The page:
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Haack: The King Of Techno
USA 2004
Directed by Phil Anagnos
Running time 63 minutes
Rated G
2.5 stars

The title of this documentary is 50% right. It is about Bruce Haack. To call him "King" however, is misleading, for he was more like Quirky Pioneer or Goofball Grand-Daddy than regal overlord. Made by first-time filmmaker Phil Anagnos, the film is suitably whimsical and works well with the limited material it has, using old TV footage, collage, drawings and animation to tell its story which sometimes is so whimsical that one wonders if the whole thing is not a clever piece of leg-pulling. Bruce Haack, seemingly a kind of Charles Bukowski of kiddieland, who was born on May 4, 1931 and grew up in the small mining town of Rocky Mountain House in Alberta, Canada. He was a self-taught pianist who briefly attended New York City's Julliard School before becoming interested in electronic music and with a friend, Esther Nelson forming a record company, Dimension 5, that released several children's albums during the 1960s that featured Haack's homemade synthesizers and modulators, as well as more conventional instruments like banjo and piano. Although Anagnos neither justifies his film's title nor provides much in the way of insight into Haack, it is an enjoyable little morsel about a truly offbeat character (and one should also include here his friend, business agent, and musical collaborator Chris Kachulis) who it seems never really had his day in the sun. If you liked Terry Zwigoff's Crumb, you'll find this intriguing, albeit not entirely fulfilling. BH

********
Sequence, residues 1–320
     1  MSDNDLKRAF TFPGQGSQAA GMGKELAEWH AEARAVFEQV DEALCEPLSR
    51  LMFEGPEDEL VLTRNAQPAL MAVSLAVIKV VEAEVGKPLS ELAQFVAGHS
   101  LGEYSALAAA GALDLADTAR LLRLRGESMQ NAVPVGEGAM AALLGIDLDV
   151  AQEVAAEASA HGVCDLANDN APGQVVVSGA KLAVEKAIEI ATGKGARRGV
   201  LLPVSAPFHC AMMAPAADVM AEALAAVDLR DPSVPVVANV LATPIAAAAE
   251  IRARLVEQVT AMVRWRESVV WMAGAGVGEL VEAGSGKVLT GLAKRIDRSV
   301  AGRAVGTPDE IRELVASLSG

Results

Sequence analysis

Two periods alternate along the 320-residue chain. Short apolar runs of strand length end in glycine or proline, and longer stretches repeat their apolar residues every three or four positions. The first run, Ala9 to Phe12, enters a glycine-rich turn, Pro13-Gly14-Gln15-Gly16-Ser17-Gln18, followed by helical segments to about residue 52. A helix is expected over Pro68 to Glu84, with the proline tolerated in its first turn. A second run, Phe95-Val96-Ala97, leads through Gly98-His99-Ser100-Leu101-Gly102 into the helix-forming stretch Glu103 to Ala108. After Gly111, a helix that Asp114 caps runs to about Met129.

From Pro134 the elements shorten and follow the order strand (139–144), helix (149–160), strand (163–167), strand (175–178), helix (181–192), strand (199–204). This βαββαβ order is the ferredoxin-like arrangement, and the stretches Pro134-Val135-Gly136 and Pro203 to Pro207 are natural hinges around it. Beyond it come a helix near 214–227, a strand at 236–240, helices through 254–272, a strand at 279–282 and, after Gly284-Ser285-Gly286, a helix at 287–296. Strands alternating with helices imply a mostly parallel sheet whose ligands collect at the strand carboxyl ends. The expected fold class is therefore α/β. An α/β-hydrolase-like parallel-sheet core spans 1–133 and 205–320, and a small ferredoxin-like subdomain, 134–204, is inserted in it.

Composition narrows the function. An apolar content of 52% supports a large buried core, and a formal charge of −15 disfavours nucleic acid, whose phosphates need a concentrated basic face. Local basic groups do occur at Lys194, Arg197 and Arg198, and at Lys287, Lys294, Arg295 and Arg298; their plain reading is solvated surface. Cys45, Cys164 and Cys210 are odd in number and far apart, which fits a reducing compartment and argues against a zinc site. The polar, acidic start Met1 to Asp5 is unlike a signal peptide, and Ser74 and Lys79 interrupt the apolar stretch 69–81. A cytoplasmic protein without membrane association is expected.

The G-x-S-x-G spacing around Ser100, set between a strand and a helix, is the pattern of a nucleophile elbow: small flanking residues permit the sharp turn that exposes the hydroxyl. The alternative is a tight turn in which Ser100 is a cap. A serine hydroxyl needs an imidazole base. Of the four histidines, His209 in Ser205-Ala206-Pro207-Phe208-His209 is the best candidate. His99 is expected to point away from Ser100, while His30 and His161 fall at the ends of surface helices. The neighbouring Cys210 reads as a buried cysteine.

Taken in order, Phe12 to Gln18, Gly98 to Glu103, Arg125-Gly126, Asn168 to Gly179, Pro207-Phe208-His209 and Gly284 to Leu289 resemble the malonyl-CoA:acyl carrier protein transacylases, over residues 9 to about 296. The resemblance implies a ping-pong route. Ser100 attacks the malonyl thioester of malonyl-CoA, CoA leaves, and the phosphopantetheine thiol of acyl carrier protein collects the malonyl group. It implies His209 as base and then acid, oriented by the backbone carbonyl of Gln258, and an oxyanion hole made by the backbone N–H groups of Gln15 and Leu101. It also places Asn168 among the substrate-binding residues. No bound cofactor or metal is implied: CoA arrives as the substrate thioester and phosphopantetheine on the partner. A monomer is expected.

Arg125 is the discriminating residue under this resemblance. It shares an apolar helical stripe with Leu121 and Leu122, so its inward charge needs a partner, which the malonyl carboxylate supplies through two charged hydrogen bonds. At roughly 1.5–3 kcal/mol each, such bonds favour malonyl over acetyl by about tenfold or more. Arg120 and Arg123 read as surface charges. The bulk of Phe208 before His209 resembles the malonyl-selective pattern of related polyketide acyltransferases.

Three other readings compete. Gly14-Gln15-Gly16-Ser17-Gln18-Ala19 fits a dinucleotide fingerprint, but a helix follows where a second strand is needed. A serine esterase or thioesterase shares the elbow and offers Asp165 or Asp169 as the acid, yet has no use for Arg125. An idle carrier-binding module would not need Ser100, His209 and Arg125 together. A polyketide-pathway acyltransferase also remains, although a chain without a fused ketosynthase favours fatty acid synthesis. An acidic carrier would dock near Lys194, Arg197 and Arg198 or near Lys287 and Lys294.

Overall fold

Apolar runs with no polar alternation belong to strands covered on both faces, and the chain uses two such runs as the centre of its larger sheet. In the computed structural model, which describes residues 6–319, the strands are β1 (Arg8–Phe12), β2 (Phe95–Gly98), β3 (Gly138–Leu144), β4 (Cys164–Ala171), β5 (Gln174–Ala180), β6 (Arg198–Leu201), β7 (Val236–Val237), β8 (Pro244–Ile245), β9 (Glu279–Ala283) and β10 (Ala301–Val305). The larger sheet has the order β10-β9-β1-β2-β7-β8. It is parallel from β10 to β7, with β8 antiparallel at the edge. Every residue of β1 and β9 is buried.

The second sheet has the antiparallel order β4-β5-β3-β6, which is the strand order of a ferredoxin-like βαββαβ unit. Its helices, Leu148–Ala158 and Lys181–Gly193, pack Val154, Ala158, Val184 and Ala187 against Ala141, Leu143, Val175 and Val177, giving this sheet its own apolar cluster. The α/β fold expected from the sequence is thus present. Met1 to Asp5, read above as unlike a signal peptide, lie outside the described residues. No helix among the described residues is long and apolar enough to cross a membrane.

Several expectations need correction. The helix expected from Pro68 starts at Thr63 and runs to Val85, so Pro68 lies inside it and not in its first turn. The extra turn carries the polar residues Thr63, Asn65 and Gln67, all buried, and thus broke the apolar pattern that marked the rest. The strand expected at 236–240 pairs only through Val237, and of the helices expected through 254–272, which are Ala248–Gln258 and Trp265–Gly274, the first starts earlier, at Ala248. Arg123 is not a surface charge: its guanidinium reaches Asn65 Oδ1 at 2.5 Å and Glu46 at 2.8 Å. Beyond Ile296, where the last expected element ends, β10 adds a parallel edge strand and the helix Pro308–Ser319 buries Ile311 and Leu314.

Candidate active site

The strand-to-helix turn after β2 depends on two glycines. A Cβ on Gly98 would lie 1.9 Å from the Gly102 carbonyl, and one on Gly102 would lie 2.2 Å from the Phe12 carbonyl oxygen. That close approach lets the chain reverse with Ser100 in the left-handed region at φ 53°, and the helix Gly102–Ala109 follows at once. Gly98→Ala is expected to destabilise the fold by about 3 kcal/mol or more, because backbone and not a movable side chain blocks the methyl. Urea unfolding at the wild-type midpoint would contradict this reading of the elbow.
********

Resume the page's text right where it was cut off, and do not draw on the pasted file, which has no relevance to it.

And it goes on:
DVD Extras: The extras include longer versions of Haack's TV appearance seen in the film, a particularly low-quality tape of the movie's premiere at the Slamdance Festival at Park City, Utah with Anagnos fielding questions from the audience, and two radio interviews, one with Anagnos, and the other with Haack from the early 1970s.

Available from: Force Entertainment



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